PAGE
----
Even though we use screener questions to ensure good candidates, we also typically include some background questions in the beginning of the script. While the script questions don’t reiterate what was asked in the screener, the answers you get from the user are sometimes redundant.
This is a good thing! There can be a lot of hidden nuance in those demographic questions—sometimes serving as a launching off point for things you may not have been initially considering. If they’re not, it’s easy to get through them and get on with the rest of the session.
For one client, learning about one participant’s background gave us insight into a high impact portion of the product that made assumptions about circumstances that would have otherwise not have been uncovered. This allowed us to make adjustments that would preemptively address issues about a potentially very sensitive topic area.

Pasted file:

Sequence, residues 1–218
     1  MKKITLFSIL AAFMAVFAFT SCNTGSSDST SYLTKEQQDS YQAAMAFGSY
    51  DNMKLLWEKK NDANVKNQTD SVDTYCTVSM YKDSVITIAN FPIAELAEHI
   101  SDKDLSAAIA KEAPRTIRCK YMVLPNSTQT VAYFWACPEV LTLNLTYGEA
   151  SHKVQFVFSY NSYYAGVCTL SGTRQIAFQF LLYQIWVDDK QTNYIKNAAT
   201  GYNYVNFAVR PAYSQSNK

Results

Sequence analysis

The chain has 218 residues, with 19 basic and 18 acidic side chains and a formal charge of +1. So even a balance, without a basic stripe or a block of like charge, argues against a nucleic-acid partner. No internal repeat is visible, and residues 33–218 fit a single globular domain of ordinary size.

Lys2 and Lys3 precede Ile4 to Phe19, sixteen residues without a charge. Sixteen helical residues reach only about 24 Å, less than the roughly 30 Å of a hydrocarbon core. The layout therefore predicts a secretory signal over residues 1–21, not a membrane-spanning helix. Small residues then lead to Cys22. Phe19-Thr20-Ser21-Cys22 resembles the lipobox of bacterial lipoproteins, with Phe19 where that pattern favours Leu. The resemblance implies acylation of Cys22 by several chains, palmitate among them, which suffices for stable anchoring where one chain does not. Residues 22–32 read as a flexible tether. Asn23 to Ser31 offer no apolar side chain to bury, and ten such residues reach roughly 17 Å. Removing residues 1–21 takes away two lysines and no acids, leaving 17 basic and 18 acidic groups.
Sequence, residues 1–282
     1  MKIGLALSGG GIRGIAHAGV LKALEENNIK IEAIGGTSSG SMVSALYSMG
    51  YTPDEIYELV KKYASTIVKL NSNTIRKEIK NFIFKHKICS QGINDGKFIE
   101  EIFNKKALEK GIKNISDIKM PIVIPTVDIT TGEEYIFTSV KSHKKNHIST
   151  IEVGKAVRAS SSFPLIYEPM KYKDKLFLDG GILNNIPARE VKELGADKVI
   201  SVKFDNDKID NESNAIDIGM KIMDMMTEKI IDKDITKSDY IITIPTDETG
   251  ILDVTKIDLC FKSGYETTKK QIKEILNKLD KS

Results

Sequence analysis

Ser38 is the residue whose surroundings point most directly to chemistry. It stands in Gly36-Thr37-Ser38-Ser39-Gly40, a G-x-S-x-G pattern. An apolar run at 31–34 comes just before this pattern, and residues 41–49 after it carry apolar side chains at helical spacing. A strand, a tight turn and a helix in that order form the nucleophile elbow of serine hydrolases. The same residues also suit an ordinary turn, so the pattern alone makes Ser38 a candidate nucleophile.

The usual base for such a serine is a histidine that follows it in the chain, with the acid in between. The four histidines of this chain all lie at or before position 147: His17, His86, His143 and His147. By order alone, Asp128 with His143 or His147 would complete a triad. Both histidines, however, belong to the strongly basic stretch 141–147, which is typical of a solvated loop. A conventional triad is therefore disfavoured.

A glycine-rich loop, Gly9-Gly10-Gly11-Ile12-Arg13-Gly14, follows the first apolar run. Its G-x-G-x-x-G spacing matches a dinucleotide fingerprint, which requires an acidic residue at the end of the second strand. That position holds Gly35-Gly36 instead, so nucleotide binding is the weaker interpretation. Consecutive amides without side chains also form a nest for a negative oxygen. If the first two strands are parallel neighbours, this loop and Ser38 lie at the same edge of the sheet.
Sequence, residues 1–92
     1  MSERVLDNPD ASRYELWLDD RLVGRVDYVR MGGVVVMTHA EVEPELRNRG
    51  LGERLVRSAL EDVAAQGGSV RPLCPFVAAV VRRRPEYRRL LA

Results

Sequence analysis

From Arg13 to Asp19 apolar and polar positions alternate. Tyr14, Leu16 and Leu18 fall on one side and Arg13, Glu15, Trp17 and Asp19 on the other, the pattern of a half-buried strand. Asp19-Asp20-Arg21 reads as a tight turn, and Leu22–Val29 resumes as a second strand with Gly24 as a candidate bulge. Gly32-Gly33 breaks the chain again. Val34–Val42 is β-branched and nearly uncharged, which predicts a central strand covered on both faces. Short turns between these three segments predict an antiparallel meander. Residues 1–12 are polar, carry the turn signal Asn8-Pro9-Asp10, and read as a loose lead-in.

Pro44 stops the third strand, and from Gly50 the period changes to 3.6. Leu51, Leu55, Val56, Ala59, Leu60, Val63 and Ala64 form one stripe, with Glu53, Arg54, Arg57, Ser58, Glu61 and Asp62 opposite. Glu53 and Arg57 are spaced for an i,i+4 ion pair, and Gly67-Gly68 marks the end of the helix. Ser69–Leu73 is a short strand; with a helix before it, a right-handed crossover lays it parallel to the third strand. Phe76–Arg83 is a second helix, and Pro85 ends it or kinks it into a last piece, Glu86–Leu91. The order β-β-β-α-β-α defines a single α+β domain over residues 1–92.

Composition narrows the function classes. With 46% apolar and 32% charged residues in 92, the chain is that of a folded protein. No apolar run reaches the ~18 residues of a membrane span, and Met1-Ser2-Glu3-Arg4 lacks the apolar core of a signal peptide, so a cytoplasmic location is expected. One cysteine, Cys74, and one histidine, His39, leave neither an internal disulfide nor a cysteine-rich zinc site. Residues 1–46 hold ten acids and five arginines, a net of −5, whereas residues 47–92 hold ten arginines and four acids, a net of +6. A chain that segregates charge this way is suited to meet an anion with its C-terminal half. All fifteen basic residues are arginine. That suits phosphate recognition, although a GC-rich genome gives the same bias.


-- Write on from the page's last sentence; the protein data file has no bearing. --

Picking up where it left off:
Interviews are conducted to get insights. To get insights, you need to get people talking. While it helps to have a friendly and approachable demeanor, sometimes that means staying mute until they fill the void with chatter. It’s an old psychologist’s trick, but it’s a good one.
I’m not saying you should be completely silent for the entire process. You should answer questions if prompted, and should chime in from time to time to prompt or nudge them along. However, you also need to let your new friend squirm through uncomfortable things and resist the very real urge to help them out.
One of the times it is appropriate to speak up is when the participant is blowing through a prototype and not saying anything. While it’s great that things are working well enough that the participant can navigate with little effort, the problem is it’s working a little too well.